A burglar who was rugby tackled and sat on by three elderly priests in their pyjamas has been sent to prison for two years.
In a scene reminiscent of the hit TV series 'Father Ted', Irish priests Fr Jimmy Shiel (67) and Fr Kieran Magovern (66), and Indian-born Fr Chacko Panathara (61), confronted career criminal Bradley Nelson (28) after he climbed up the drainpipe to their parochial home at St Mary's Church in Bedfordshire, England, in the early hours of October 9.
Fr Shiel, who had played rugby in his youth, tackled the intruder whom the priests had befriended in the past when he sought help for alcohol and drug addictions, Luton Crown Court.
"He entered Jimmy's bedroom and Jimmy woke to see this guy in his room. The burglar ran and Jimmy jumped out of bed and ran after him. As he did, he hammered on Fr Panathara's door," Fr Magovern told the court
"Jimmy played a lot of rugby when he was younger and it was in the corridor that he floored him. It was a rugby tackle and the chap was taken down.
"Jimmy was on top of him and holding him and I got on the floor and had my knee in the chap's back. My arrival meant Chacko could go and get a phone and that's what he did.
"He came back with it and I rang 999 and told the police what was happening."
Fr Shiel maintained a vice-like grip on the burglar, despite having undergone a triple heart bypass operation. He was then joined by Fr Magovern, who had also undergone heart bypass surgery, and Fr Panathara.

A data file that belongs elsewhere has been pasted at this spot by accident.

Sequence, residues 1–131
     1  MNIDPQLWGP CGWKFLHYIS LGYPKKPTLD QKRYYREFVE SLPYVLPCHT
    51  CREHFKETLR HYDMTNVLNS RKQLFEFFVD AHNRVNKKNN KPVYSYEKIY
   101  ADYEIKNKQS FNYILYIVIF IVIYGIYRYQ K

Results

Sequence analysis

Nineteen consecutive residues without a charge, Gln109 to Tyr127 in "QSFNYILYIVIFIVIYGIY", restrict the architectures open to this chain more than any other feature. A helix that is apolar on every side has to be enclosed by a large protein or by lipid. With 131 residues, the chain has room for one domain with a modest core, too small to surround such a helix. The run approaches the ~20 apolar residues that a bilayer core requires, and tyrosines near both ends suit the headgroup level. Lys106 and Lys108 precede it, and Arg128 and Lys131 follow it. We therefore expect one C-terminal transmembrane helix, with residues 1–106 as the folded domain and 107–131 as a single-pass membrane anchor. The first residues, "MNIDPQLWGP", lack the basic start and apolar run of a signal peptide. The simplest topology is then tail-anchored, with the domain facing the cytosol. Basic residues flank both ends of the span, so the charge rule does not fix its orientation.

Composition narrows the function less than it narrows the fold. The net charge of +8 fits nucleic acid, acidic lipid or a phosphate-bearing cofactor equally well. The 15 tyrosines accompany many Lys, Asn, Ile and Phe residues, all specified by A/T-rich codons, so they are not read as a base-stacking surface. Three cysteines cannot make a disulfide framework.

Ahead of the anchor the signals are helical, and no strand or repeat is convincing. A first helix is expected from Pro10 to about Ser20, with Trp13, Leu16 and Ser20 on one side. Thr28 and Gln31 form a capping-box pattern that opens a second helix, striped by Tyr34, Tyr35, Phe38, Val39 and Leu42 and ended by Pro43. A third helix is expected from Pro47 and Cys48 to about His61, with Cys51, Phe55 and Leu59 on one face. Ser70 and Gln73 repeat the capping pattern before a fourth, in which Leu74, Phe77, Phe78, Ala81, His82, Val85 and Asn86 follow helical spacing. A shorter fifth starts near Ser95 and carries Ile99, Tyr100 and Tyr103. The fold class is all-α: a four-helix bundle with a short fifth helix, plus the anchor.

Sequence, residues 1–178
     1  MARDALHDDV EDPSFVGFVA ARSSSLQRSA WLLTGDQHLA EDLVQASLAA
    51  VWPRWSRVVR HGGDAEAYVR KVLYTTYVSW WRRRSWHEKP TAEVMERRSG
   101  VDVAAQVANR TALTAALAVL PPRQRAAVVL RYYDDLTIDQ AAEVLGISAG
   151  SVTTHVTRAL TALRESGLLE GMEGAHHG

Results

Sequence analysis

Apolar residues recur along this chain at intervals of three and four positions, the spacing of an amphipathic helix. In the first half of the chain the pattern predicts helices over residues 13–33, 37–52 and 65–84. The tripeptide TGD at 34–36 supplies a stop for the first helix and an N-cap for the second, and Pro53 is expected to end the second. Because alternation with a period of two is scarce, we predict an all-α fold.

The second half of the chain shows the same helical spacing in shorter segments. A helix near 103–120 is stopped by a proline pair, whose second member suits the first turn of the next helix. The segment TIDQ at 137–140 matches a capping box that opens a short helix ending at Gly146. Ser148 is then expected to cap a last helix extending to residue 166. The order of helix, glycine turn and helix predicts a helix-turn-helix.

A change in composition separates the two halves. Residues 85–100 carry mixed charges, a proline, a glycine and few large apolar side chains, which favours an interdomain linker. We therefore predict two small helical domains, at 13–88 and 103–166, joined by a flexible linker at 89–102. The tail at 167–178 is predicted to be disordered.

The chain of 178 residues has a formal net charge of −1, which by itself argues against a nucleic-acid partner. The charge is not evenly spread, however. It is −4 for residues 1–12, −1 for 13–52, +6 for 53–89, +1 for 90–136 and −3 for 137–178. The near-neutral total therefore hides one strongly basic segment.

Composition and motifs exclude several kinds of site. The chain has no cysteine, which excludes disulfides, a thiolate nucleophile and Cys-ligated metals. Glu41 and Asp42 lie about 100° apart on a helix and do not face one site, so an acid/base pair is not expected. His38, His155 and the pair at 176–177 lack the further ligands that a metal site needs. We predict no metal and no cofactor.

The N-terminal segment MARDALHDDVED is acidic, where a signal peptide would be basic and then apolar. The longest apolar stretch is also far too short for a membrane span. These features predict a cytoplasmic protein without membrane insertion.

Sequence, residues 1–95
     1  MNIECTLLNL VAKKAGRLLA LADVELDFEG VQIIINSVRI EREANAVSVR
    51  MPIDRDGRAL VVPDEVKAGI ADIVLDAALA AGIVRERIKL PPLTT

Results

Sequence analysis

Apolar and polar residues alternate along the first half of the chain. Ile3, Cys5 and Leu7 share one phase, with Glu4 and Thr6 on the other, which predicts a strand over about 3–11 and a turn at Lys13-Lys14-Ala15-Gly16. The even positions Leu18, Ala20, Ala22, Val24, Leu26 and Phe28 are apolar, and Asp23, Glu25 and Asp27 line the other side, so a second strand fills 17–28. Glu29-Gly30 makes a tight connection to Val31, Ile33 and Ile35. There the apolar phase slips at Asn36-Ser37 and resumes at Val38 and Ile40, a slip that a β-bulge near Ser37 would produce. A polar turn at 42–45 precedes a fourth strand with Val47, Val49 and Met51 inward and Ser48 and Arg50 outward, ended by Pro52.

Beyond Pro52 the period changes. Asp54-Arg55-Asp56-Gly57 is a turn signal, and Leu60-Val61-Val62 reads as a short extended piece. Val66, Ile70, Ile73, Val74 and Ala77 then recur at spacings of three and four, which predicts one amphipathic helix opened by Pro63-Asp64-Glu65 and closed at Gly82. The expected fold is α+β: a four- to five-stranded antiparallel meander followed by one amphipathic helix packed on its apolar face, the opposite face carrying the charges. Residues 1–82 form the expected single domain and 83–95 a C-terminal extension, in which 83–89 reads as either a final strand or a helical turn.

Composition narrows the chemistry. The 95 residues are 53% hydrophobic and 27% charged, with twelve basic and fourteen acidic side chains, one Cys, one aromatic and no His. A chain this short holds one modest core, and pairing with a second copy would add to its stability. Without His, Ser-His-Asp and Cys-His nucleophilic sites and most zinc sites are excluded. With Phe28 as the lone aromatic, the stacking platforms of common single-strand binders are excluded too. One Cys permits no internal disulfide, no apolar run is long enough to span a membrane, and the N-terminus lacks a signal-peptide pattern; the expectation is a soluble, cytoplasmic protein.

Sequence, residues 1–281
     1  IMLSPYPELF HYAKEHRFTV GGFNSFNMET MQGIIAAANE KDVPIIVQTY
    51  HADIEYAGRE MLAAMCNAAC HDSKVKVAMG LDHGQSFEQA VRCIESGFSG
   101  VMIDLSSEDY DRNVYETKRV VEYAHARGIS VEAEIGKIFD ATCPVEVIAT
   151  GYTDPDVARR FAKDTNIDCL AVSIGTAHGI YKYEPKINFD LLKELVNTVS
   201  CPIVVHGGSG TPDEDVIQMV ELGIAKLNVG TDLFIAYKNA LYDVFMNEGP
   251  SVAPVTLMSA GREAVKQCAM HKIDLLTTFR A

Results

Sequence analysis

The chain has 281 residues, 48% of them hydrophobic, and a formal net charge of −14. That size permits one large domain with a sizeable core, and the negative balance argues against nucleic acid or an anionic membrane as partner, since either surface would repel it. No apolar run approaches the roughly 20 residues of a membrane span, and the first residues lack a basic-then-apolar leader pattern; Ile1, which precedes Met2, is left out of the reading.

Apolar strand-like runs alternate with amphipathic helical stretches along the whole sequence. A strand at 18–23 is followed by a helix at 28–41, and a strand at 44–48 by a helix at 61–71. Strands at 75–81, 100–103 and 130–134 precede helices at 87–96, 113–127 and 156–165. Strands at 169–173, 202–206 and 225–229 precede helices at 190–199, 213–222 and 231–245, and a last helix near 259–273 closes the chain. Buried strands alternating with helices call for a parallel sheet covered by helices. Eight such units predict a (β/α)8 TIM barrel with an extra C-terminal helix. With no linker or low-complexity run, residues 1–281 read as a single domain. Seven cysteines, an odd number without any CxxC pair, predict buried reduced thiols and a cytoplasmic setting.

The three priests then sat on the burglar until police arrived.
"He was no match for the three of us. The chap was trying to break free and escape but with the three of us on top of him he was going nowhere," Fr Magovern said.
The burglar surrendered to police and was arrested.
Nelson, of Viceroy Court, High Street South, Dunstable, pleaded guilty to burglary with intent. He had 21 previous convictions for 47 offences.
His defence counsel told the court that his client had no recollection of the incident until he woke up in jail the next day. He said his client had received help from the priests in the past and he felt "a considerable degree of shame for what he did".
Judge Richard Foster sentenced him to two years in prison, noting: "Burglary is a serious matter. You breached the trust that had been given you by these priests."